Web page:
Trade Marks

Intellectual Property

Intellectual Property » Trade Marks

Managing a large portfolio of trade marks internationally – as Corrs does for Foster’s, for example – requires the right strategic approach to maximise protection whilst containing costs.

Luxury brands, like Louis Vuitton, Hermes, Gucci, Cartier and Hugo Boss rely upon us to cost-effectively contain the ever-present problem of counterfeits, even when that involves extended protection for non-traditional marks such as colours or shapes.

Others, like BlackBerry and fashion name Lacoste entrust to us complex enforcement actions against competitors.

Right across the spectrum – whether it is routine enforcement of trade marks against rogue retailers or taking a complex question of trade mark law right up to the High Court of Australia as Corrs did for Gallo, Corrs’ trade mark practice focuses on getting the right results for our clients.

Our Experts

DIXIT Arvind website grey SIZED TH

Arvind Dixit

Special Counsel Location Melbourne Profile
Fixler David CMYK 90x130

David Fixler

Partner Location Melbourne Profile
WHEELAHAN Frances website grey SIZED TH

Frances Wheelahan

Partner Location Melbourne Profile
CAMERON James website grey SIZED TH

James Cameron

Special Counsel Location Brisbane Profile
Bebber Jurgen2 90x130

Jürgen Bebber

Partner Location Melbourne Profile
Hay Kate website grey SIZED TH

Kate Hay

Partner Location Melbourne Profile
Odette Gourley.jpg

Odette Gourley

Partner Location Sydney Profile
Stephen Stern.jpg

Stephen Stern

Partner Location Melbourne Profile

Our Experience

Barefoot win for Gallo

When the Californian E&J Gallo Winery, makers of Barefoot wine, moved to stop the use of the word Barefoot on a Lion Nathan beer, it took three tiers of court challenges before the High Court made a ruling that reaffirmed Gallo’s global trademark rights.

Corrs’ international experience and expertise meant the team could correctly advised Gallo that it could win the case even when they had never directly marketed Barefoot wines in Australia.

More

BAT

Corrs is acting for British American Tobacco (BAT) as part of a global team in the protection of BAT’s IP rights against Australia’s Tobacco Plain Packaging Act.

The Act mandated the removal of graphical trade marks, designs, and other intellectual property from tobacco products with effect from December 2012.

More

BlackBerry

Businesses often have to defend their trade marks on many fronts. Having an Australian team experienced in coordinating strategy with large international litigation teams was critical for BlackBerry.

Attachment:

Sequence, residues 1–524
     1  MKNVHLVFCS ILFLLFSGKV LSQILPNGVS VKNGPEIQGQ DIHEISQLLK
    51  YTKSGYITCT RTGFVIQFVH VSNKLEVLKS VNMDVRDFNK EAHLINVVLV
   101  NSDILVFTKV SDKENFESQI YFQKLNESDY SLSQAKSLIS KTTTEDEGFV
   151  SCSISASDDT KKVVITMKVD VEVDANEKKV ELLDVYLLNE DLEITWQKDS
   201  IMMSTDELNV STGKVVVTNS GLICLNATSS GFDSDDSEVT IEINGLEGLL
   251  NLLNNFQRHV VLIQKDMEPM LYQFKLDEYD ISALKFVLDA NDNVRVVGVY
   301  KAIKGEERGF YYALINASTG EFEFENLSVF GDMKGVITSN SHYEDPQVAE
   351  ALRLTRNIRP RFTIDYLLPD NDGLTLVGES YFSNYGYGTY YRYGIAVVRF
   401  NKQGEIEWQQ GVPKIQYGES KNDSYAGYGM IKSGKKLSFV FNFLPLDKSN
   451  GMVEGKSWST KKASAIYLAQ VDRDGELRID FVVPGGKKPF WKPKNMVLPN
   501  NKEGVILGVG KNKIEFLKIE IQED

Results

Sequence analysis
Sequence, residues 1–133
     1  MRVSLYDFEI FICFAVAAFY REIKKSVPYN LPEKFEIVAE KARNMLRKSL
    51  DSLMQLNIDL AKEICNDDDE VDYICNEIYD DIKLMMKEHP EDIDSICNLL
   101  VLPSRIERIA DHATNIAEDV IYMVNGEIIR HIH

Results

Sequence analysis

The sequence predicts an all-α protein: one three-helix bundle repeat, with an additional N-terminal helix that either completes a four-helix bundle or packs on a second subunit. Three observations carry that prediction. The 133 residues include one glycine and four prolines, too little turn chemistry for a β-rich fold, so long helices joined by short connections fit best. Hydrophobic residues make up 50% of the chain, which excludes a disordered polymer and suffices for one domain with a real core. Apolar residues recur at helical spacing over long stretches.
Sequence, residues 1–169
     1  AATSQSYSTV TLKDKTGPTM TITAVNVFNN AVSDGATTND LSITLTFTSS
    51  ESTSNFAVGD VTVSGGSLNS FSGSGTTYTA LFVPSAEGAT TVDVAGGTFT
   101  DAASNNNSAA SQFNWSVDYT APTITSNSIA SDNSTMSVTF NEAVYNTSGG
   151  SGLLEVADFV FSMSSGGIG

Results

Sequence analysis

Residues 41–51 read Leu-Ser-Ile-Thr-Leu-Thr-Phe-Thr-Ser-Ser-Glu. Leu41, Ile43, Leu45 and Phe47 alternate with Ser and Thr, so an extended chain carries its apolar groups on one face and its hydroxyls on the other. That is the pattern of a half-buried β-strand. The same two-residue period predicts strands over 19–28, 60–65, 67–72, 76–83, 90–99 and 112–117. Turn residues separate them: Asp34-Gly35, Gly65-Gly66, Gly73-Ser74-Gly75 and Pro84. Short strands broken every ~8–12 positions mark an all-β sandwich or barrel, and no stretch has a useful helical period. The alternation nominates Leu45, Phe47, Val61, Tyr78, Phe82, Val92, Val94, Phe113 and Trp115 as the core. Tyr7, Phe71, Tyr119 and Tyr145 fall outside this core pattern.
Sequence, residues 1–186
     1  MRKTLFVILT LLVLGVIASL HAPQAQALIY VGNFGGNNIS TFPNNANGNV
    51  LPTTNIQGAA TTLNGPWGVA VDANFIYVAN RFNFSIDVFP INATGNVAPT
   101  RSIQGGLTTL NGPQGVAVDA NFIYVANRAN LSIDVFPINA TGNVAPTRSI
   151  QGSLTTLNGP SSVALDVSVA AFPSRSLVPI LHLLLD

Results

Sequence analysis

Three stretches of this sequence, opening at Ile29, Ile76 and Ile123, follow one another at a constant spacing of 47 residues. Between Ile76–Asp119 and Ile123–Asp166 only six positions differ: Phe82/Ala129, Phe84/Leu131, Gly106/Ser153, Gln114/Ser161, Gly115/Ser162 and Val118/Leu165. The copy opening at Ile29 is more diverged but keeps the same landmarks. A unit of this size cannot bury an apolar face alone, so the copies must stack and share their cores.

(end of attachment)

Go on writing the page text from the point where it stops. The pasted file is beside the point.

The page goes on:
Corrs acted for BlackBerry in the Federal Court and the Trade Marks Office, to stop Samsung adopting the name BLACKJACK for a smartphone. The resulting Australian settlement led the way for successful negotiations throughout RIM’s global market.

More

Botox says no to No-Tox

When a company sought to register the name No-Tox in relation to facial cosmetics, Allergan, the owner of one of the world’s leading global cosmetic brands, Botox, engaged Corrs Chambers Westgarth to oppose the registration.

Through Corrs’ diligent and determined efforts over a prolonged period, the strength of the of the global Botox brand was protected.

Despite the Trade Mark Office initially rejecting Botox’s opposition, Corrs’ managed a successful appeal, and the registration of the trademark No-Tox was refused.

More

Cadbury

It has been very difficult for companies to register a single colour as a trade mark but a seven-year case, involving the distinctive purple of Cadbury chocolate, has set a precedent in the steps needed to register a single colour in Australia.

The winning strategy relied on garnering carefully targeted evidence of use going back almost a century and of current consumer perceptions to build the most compelling case in these unchartered waters of trade mark law.

More

Corrs gets Winnebago back on the road in Australia

Winnebago Industries Inc., famous for its motor home and recreation vehicles since the 1960s, engaged Corrs’ IP team to protect its brand in Australia.

In 1982, an Australian RV manufacturer unconnected with the US company began manufacturing and selling motor homes bearing the Winnebago brand and logo interpretation.

When the US company developed an interested in selling their motor homes in Australia, they commenced proceedings against Knott Investments and its dealers in the Australian Federal Court to recover the Winnebago brand after more than 30 years.

More

Crocodiles in court

The word ‘crocodile’ and an image of it as a logo device, are the subject of an intense global dispute.

Corrs has been acting for the famous French clothing and apparel company Lacoste for many years in respect of a number of very heavily disputed trade mark opposition, and is currently playing a central role assisting Lacoste’s dispute in Australia, New Zealand and Fiji.

More

Our Thinking

Change in the air for IP laws in Australia: 5 key takeaways

The Government has responded to the Productivity Commission’s review of Australia’s IP system. Here are five key takeaways.

More

Brand Protection Online – Australia Chapter

Brand Protection Online is a go-to guide for any user or adviser in need of strategies to combat IP infringement in the digital world or to get up to speed with the latest developments affecting brand holders online.

More Download

Registered Designs: What is the appropriate form of order for injunctive relief?

Intellectual property lawyers will be familiar with the usual form of order for the injunctive relief awarded in trade mark infringement cases. But when it comes to registered design cases, the appropriate form of order is not so clear…